Because I don't keep a lot of unnecessaries around the house, for me that meant making a lot of stuff.
Little creations that I was dyeing to share and simply couldn't wait to give!
This year turned me into a huge fan of this kind of christmas.
I felt like for every person I invested so much more thought and time towards them.
For my sisters it was necklaces crafted from beads & ribbon already on hand, and wrapped up in boxes left over from these neighbor gifts a couple years ago.
I might have been tempted to keep a couple of these myself.
And they were a really fantastic way to use up a whole bunch of beads I keep thinking I'll find a use for.
Now I have!
We made vanilla extract (using a tutorial similar to this) in these stout little ginger ale bottles we saved and just spray painted the lids gold and added a little tag to fancy them up a bit.
The green bottle wasn't just cute but worked completely in our favor because, just like balsamic vinegar and wine, light is no friend to vanilla. (although we chanced it and filled a couple larger clear bottles as well) We dressed these little guys in some old sweaters & ribbon and voila!
This was definitely our most expensive undertaking, and yet still saved us mucho dinero!
A similar concentration sells for $19 a bottle here, for a bottle about 1/2 the size.
Here's our breakdown:
bottles - $0 (leftover ginger ale bottles
spray paint - $0 (already had)
vanilla beans - $15 (from local distributer)
vodka - $20
tags - $0 (printed on brown card stock scraps)
sweaters, ribbon, & tags - $0 (already had)
Total - $35
Total per bottle - $3.88
For the kidlets: magnetic paper dolls, a fort kit, and a little white knitted infinity scarf.
Paper dolls were quite possibly my favorite childhood toy growing up.
I can still remember vividly a pair of paper doll books I got one year for Christmas.
I remember their hair, and their dresses, and their accessories, and the myriad of stories I would tell myself about each of them. And so making these little kits for my nieces wasn't just fun, but was a distraction that kept me entertained and far away from other more adult pursuits for hours.
I printed these out at home onto magnet paper from here, housed them in some metal DVD cases, slapped a cover on them with the name of each doll, and called it a day!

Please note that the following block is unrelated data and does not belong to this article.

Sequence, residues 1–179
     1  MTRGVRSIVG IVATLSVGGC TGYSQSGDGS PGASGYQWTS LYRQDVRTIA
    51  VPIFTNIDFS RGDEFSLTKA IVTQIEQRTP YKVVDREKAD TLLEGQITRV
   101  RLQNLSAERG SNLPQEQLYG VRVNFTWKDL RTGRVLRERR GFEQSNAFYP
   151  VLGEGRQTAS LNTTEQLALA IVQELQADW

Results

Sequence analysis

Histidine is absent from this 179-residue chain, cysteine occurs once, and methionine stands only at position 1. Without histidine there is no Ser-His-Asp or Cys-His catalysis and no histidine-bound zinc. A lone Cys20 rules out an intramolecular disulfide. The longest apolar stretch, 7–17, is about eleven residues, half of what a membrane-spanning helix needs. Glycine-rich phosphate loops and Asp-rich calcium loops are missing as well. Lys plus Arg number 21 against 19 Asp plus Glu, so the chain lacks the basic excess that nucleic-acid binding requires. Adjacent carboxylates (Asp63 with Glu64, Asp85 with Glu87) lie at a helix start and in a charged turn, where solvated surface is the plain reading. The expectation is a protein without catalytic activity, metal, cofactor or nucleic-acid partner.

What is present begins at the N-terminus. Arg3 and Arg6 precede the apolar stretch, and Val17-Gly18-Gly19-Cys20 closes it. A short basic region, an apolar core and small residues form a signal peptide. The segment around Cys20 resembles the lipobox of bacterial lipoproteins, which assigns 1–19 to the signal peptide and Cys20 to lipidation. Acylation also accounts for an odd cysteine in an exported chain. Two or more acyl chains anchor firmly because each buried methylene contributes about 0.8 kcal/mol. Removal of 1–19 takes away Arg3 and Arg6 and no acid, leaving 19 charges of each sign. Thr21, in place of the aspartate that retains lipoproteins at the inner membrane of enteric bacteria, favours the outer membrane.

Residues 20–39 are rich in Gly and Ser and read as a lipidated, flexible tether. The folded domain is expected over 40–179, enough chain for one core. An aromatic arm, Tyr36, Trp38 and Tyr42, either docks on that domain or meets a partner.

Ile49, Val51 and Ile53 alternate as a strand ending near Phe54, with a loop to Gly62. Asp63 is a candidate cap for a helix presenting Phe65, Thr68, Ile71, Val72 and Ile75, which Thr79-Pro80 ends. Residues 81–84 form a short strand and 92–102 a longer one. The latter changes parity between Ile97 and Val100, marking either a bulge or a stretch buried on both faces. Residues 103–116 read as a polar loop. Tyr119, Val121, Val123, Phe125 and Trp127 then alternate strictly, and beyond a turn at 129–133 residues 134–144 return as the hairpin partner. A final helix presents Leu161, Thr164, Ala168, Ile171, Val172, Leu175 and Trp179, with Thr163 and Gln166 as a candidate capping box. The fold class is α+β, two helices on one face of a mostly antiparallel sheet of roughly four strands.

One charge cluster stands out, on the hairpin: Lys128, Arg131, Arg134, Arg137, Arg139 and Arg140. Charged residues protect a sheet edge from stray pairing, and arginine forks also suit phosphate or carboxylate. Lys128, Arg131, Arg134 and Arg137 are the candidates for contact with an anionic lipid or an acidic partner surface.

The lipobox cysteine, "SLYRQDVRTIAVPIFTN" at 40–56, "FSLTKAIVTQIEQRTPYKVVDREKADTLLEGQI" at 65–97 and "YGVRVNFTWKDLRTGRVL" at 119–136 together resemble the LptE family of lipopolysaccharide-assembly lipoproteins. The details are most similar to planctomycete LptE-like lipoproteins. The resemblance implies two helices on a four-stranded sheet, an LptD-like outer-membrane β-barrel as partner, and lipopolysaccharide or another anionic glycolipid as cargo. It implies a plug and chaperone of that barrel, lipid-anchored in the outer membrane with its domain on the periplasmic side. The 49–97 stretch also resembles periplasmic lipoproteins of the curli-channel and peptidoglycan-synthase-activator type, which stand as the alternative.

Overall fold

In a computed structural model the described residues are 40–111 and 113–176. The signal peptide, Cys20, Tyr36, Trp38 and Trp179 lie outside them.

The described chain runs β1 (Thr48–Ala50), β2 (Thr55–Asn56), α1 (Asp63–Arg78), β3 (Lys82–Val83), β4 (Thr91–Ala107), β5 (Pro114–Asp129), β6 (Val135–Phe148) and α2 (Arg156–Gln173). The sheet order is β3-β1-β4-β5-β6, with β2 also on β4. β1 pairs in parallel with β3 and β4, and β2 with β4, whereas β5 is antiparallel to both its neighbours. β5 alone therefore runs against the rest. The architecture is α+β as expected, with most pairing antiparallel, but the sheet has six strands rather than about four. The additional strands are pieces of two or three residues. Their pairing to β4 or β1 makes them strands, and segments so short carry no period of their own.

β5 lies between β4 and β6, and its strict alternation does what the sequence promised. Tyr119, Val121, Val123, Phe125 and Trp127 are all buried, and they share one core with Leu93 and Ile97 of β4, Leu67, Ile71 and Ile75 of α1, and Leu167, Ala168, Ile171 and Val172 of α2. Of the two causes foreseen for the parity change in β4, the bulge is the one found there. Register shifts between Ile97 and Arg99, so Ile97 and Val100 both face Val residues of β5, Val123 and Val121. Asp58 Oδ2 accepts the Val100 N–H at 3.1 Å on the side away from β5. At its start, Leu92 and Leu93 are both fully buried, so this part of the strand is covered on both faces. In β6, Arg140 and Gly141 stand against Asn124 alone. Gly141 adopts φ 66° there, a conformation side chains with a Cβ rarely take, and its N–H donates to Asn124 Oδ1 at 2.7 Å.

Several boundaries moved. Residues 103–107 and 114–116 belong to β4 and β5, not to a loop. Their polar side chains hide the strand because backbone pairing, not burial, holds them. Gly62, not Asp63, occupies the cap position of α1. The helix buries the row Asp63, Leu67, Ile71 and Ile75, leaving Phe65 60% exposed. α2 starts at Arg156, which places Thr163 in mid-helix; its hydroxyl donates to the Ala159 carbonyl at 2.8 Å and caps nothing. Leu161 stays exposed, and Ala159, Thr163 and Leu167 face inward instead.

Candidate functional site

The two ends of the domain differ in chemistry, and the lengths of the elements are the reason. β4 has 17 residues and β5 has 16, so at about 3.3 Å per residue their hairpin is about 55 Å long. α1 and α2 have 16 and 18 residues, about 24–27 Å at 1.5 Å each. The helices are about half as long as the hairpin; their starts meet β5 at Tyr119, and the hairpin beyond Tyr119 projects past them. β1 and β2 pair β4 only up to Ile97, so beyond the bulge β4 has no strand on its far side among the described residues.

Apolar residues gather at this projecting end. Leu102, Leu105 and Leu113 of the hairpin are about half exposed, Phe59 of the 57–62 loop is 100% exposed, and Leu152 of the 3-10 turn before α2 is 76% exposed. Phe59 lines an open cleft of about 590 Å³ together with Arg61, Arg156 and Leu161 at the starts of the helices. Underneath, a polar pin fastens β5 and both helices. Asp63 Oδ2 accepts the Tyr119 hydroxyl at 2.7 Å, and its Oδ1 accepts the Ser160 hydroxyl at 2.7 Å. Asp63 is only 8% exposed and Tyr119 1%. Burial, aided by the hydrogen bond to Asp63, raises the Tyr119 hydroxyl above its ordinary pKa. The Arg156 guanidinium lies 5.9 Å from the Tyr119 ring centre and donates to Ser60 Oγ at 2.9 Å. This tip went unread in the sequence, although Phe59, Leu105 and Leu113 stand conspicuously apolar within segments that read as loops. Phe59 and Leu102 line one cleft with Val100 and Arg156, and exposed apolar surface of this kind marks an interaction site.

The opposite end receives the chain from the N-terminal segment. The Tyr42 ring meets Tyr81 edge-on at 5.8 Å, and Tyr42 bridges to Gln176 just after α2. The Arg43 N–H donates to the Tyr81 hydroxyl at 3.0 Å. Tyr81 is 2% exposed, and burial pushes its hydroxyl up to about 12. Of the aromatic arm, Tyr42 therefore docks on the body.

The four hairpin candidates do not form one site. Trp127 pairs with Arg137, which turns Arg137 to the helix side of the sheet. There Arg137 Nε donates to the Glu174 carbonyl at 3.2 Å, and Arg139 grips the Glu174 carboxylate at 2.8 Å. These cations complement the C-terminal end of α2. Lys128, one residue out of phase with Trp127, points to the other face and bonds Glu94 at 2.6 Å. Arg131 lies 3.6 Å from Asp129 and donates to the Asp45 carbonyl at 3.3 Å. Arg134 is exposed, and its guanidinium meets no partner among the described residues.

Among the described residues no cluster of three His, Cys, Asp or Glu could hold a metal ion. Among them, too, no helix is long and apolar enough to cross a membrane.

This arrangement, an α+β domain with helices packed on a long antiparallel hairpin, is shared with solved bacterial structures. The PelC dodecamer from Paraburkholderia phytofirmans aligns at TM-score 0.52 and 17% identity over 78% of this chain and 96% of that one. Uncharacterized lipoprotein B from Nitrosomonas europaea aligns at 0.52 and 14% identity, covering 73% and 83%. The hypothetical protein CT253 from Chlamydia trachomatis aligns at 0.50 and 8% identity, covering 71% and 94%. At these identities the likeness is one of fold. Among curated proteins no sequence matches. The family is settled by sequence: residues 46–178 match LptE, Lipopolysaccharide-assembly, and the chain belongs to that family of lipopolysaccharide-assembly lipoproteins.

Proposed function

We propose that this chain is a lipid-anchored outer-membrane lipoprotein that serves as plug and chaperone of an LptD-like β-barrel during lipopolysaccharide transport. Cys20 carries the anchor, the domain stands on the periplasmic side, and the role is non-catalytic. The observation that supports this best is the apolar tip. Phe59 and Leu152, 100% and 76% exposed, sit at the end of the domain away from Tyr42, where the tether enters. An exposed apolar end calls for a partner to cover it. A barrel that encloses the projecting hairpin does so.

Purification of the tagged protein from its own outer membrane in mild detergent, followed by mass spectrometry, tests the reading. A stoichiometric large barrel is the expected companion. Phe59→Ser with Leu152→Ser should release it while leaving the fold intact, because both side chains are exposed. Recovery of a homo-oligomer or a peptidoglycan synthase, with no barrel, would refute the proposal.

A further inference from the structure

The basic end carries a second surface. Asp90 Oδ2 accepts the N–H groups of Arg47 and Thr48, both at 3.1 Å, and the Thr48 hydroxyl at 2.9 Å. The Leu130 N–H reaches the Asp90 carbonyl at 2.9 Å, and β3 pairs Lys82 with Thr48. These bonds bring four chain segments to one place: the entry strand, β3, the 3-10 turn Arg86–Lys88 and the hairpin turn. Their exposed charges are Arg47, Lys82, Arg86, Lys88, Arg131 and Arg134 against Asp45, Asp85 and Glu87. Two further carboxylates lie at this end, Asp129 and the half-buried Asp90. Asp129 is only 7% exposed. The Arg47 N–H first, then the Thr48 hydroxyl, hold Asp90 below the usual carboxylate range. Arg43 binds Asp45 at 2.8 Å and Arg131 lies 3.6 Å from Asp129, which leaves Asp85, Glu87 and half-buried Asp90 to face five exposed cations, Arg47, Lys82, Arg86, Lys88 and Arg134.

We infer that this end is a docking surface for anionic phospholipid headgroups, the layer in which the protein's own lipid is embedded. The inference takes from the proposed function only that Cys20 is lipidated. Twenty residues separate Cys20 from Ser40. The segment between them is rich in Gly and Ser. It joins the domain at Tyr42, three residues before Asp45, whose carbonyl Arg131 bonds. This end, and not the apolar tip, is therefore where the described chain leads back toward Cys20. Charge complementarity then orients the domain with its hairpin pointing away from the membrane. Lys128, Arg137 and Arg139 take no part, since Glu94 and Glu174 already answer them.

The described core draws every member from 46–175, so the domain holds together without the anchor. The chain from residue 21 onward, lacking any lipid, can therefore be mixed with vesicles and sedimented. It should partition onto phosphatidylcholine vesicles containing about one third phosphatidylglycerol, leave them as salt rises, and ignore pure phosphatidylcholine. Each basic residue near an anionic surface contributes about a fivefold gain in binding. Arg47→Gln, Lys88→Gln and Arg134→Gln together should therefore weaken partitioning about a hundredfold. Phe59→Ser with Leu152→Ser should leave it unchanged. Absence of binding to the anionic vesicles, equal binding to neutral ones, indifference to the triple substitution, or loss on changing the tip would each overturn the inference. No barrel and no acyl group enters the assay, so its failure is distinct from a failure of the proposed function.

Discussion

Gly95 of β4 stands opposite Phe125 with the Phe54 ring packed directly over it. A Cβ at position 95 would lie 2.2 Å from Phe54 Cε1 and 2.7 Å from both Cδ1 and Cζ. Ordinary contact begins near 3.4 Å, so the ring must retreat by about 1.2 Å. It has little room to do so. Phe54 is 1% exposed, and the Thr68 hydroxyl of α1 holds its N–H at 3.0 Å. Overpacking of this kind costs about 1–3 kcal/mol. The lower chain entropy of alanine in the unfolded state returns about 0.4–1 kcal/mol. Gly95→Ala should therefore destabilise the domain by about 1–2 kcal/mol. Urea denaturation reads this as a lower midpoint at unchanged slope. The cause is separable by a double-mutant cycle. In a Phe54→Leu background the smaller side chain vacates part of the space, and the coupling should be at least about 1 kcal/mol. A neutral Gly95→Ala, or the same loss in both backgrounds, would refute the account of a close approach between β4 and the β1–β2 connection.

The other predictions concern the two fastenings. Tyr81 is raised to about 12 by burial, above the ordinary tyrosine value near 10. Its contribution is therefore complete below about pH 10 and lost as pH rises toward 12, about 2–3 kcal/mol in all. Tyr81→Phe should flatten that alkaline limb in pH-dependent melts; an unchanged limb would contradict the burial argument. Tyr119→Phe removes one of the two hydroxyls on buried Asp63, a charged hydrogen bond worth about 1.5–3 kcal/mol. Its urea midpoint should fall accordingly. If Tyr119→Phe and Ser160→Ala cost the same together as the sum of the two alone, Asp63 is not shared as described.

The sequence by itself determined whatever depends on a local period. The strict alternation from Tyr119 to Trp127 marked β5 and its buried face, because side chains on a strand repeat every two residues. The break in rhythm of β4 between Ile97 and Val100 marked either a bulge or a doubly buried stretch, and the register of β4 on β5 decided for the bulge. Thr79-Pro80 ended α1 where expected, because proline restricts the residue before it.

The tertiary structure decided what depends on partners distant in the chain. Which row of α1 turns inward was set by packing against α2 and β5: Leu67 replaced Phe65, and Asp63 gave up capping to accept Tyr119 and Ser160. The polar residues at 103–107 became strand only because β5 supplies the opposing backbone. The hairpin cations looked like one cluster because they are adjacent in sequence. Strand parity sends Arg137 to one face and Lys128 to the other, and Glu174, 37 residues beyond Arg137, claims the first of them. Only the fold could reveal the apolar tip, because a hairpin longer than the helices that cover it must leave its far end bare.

These were actually pretty time consuming, but I made ryan contribute by doing most of the cutting, so that helped. Also, I think paper dolls of this magnitude are totally worth it. I'm so in love with them I almost made extra just for
Magnet paper - $10
DVD cases - $6 (including shipping)
paper for the cover - $0 (leftover scraps)
Total - $16
Total per kit - $4
Ah, the fort kit.
This may have been better in theory than in practice.
Or maybe I got the age appropriateness wrong.
Nonetheless, it was cheap.
I sewed the bag using two old pillowcases (one for the b) and used some of the rope included inside for the drawstring. The only cost here was $1 for rope and $1 for the flashlight, which may have been the redeeming quality in all this, because that Benj LOVED!
And the gifts I didn't photograph: Herb, citrus, & cinnamon filled fire starters wrapped in newspaper & twine for my wood-fire loving parents. Orange milk chocolate cookies and salted caramel sauce for our delightful neighbors & friends. Sugar cookies with gold & silver sparkles for our primary kids and other miscellaneous and anonymous giving.
No doubt about it, it is a lot of time & work doing Christmas this way! But I also felt so connected to those I was giving too. It's the same way my dad's parents always did christmas, everything was always built, and baked, and sewed, and made. It was that way with all their kids, and that way for all their grandkids. And those handmade gifts were always so treasured. I think it's a valuable part of giving, to place a portion of yourself into a gift.
So it may not be everything homemade every year, but it will always be something homemade. Maybe its pure selfishness, but I just like way too much the way it makes me feel!